It seems that the SP33S packs great thermal regulation!

 

Thermal Regulation

Here's a Thermal Regulation graph I've created for Turbo and High.
The graph was recorded while using a high drain 21700 cell.


What we can see in the graph:

  • Turbo's full output is sustained for 1 minute and 20secs. Post the 1:20 mark, the output is regulated to keep the flashlight's thermals in place.
  • High's full output is sustained for 21 minutes. Thermal regulation kicks in after that.
  • Both modes show signs of true thermal regulation - The output will constantly increase/decrease in order keep the flashlight's max temp constant.
  • The thermal regulation uses a ramping pattern to adjust the brightness. No sharp / sudden changes can be observed.
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Well, it looks like the same ATR algorithm from the SP35 and previous SP33 drivers. Kind of a bummer, but understandable for a sub $50 light with a boost driver. The fact it pulls 12 amps explains why Turbo is regulated to only 3.8 volts. You generally see input current around 10 amps max to drive a xhp70.2 to around 4500 Lumens off a 1S boost driver. I tested the TC20 V2 and it’s fantastic. A bit down on output, but a far better regulated driver for like $20 more.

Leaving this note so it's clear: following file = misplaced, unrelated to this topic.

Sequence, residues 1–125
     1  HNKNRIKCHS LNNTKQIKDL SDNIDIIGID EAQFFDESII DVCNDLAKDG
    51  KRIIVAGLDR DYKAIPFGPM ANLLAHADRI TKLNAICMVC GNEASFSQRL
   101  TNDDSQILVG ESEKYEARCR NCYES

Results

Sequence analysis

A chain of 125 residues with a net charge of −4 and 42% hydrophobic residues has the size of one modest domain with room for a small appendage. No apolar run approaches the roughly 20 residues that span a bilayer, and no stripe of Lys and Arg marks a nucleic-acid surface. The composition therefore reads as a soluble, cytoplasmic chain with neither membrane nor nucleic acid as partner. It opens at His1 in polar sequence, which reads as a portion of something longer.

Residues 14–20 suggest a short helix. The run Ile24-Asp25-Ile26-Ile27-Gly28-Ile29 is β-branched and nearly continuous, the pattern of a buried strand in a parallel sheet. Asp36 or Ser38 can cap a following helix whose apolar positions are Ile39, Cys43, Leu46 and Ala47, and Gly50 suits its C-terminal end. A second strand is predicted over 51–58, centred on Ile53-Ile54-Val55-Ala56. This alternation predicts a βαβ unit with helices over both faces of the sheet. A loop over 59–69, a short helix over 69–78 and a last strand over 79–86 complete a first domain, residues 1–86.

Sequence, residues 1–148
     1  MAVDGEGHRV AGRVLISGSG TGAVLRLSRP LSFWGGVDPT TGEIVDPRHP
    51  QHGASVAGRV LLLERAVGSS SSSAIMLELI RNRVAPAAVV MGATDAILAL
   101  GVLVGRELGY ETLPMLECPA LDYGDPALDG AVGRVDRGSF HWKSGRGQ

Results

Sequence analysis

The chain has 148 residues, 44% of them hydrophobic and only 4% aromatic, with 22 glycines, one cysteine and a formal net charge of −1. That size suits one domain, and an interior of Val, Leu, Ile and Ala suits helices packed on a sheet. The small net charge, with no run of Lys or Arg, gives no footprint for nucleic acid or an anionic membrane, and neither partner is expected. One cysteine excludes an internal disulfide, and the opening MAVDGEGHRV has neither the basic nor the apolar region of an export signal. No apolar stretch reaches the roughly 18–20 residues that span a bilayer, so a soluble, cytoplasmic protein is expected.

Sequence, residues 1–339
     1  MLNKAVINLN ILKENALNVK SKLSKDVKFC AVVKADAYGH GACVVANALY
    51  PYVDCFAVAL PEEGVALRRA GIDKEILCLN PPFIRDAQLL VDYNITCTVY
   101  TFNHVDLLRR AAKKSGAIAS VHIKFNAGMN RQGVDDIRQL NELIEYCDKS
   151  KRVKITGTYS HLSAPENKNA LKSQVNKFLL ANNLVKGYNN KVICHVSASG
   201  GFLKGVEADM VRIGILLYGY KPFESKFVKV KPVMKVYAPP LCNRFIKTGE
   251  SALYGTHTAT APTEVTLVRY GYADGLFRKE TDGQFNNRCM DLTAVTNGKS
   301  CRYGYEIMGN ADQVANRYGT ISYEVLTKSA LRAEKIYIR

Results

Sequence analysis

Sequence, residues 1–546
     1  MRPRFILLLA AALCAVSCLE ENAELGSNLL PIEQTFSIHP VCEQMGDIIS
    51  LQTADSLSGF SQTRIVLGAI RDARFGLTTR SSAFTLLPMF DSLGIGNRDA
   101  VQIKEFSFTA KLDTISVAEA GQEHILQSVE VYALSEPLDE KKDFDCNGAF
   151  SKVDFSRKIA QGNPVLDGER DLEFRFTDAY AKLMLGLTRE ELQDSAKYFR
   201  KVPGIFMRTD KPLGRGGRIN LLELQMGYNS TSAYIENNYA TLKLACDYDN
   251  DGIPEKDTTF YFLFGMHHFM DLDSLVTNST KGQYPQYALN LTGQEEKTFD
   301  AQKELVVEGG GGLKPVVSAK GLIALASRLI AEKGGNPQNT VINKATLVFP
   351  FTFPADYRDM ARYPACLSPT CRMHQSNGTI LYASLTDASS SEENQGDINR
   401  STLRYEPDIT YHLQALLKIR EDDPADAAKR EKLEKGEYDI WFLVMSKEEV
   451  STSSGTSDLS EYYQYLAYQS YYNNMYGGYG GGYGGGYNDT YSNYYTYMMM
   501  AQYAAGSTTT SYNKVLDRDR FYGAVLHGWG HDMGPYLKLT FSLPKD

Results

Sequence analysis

JaredM
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Is this xhp wired for 6v or 12v?

https://fundrazr.com/osturaband

No affiliation, just a fan.

Sirstinky
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Probably 6v. There’s only a few I know of that are 12v.

Unheard
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That is again a very simplistic temperature regulation algorithm. Pity the light doesn’t run Anduril. Otoh, it saves me money.

Thank you for posting!

Spitzbube.

icpart
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Sirstinky wrote:
Well, it looks like the same ATR algorithm from the SP35 and previous SP33 drivers. Kind of a bummer, but understandable for a sub $50 light with a boost driver. The fact it pulls 12 amps explains why Turbo is regulated to only 3.8 volts. You generally see input current around 10 amps max to drive a xhp70.2 to around 4500 Lumens off a 1S boost driver. I tested the TC20 V2 and it’s fantastic. A bit down on output, but a far better regulated driver for like $20 more.